Thursday, February 13, 2014

Move Along, Nothing To See

(Cartoon by Tom Toles, published 2/10/14 in the Washington Post.  Click on image to enlarge.)

We've gotten a little rain here in Southern California over the past week.  More importantly, Northern California got more rain and even some snow in the Sierras.  Of course, we didn't get nearly enough to take us out of drought conditions, and it is doubtful we will any time soon.

Michael Hiltzig had an interesting column in Sunday's L.A. Times which addresses the various issues presented by our climate.

Last week a clutch of Republican members of Congress from California agricultural counties arranged (with the connivance of House Speaker John Boehner) to pass a bill overriding mandates to keep water flowing in the state's rivers in favor of increasing supplies to farmers. They sounded the tired old cry about "putting families over fish," as though there aren't families in California dependent on healthy fisheries, too, and as though the water transfer in question would relieve what is shaping up as a record drought year.

The measure is opposed by Gov. Jerry Brown, state water officials and Democrats in both houses of Congress. It's nothing but a sop to credulous farm voters in the districts of Reps. David Valadao, Kevin McCarthy and Devin Nunes, its sponsors. It doesn't create a single drop of water, despite ridiculous claims that it will "solve California's water crisis" (Nunes), and abrogates jealously guarded states' rights over water allocations to boot.

Yet while this posturing was going on in Washington, the drought in California was growing worse and solutions more elusive. Even if it's relieved by the wet spell we've seen in recent days continuing through the rest of the wet season, it's a harbinger of more extremes to come, thanks to climate change.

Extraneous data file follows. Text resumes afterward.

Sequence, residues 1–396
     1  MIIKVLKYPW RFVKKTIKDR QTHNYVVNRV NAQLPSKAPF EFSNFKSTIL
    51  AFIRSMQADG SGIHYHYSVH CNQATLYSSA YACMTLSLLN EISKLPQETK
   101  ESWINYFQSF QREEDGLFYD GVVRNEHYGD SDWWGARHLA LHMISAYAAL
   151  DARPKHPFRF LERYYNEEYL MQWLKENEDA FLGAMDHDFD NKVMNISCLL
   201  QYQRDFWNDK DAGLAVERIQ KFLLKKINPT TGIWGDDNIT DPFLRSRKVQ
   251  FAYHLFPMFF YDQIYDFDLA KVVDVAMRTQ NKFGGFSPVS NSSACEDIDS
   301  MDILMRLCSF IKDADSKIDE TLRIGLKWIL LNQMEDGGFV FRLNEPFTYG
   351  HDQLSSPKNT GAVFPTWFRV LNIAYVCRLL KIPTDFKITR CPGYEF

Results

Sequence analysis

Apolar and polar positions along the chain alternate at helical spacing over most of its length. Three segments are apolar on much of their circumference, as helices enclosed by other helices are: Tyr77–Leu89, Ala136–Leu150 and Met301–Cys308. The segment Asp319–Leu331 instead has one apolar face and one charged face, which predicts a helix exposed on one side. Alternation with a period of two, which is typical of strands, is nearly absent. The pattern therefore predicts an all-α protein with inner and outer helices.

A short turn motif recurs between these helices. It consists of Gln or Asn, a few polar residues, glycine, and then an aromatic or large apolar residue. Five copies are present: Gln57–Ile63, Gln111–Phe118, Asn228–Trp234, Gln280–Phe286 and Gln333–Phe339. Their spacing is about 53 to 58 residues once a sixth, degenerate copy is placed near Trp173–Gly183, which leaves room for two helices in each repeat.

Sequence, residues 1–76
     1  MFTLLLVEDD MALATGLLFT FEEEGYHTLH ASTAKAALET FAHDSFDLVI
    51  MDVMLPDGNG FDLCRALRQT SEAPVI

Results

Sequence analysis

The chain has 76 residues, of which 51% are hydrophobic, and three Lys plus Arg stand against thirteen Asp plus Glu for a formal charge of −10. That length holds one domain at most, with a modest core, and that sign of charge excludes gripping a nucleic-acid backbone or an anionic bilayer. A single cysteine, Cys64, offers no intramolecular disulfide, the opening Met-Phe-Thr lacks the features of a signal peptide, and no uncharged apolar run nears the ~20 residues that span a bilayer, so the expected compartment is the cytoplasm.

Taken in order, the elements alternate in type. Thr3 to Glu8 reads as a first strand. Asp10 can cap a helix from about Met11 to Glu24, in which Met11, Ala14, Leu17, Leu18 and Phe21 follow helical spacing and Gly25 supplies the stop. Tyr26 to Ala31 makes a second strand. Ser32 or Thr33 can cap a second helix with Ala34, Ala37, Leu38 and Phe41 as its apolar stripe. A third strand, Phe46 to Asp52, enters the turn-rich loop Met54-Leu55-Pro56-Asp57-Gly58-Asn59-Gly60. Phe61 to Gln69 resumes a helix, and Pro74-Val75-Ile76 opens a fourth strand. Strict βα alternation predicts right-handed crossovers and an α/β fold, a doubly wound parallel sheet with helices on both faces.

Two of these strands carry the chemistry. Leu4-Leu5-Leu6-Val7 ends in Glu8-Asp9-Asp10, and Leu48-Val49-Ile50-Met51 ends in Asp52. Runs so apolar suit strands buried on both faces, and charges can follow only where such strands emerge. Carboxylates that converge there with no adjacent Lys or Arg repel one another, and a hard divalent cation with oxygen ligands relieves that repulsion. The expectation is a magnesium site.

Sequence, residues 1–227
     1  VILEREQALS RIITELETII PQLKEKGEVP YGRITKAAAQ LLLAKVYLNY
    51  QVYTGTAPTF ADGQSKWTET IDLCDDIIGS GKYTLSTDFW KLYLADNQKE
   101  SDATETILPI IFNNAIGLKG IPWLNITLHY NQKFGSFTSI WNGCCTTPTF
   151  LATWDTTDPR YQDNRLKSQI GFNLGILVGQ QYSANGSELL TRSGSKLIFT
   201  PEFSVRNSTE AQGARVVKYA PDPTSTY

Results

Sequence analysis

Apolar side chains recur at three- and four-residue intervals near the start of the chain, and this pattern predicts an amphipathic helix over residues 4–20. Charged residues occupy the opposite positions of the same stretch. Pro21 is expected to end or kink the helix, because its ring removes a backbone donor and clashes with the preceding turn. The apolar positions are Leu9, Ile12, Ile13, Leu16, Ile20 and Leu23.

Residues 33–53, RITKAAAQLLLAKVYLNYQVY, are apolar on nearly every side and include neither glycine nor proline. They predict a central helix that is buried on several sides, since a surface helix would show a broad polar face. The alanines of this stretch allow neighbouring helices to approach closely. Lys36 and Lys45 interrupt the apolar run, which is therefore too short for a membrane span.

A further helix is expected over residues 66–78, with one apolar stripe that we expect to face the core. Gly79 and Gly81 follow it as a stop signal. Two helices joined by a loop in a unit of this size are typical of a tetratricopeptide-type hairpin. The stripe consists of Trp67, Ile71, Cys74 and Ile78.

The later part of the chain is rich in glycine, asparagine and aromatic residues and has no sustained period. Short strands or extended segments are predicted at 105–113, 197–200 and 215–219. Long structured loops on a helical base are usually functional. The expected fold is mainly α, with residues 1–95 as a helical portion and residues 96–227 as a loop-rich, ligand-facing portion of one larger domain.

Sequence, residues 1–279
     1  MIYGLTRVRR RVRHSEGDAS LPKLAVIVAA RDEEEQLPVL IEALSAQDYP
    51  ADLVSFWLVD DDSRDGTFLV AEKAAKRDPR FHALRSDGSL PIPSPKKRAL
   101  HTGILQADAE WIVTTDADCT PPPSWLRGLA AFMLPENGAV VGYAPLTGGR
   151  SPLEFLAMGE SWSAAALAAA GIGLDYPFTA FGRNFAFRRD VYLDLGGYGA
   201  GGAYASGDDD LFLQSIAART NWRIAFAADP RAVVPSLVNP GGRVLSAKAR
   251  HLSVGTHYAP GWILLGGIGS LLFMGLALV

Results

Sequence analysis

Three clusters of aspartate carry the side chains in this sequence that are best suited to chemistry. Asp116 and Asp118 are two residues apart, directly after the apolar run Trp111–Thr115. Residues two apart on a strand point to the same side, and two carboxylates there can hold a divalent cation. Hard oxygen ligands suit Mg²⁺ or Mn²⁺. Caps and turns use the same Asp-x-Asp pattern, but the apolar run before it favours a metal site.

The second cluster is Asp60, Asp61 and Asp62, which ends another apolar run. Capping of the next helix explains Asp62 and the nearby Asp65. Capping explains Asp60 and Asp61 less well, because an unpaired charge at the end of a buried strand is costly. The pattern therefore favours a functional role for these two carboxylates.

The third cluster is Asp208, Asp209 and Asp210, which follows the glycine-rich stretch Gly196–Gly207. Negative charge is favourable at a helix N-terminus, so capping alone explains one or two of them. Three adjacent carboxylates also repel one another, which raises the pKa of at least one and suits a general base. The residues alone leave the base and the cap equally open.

The most important factor in meeting the crisis is a recognition that California has made some bad choices in the past that would not be made today, knowing what we know about the likely trajectory of statewide water supply. We would plant fewer permanent crops like nut trees, and make fewer commitments of firm water to housing project developers.

Some of these decisions will have to be undone in the near term, some will be undone by the implacable economics of residential development and agriculture, and some we will have to live with for decades more. Fatuous political posturing to give some groups of users priority over others is a waste of time, and one thing we have less of every dry day is time. [Emphasis added]

I hate to say this, but this is one time I think Hiltzig's pessimism is well taken.  Not only are there no easy answers, at this point there appears to be no answers at all.  We are simply going to have to live with extreme conservation measures, backed by stiff sanctions, higher food prices as there is less water for the agricultural regions of the state, and more unemployment because fewer farm workers will have jobs.

About all we can reasonably do is issue fewer development permits and plant fewer water-using plants such as grass and flowers in those homes currently here.

We don't have such a bright future here, and that not-so-bright future extends to more than just California.

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Blogger ifthethunderdontgetya™³²®© said...

The Future's Uncertain, And The End Is Always Near

- The Doors

12:25 PM  

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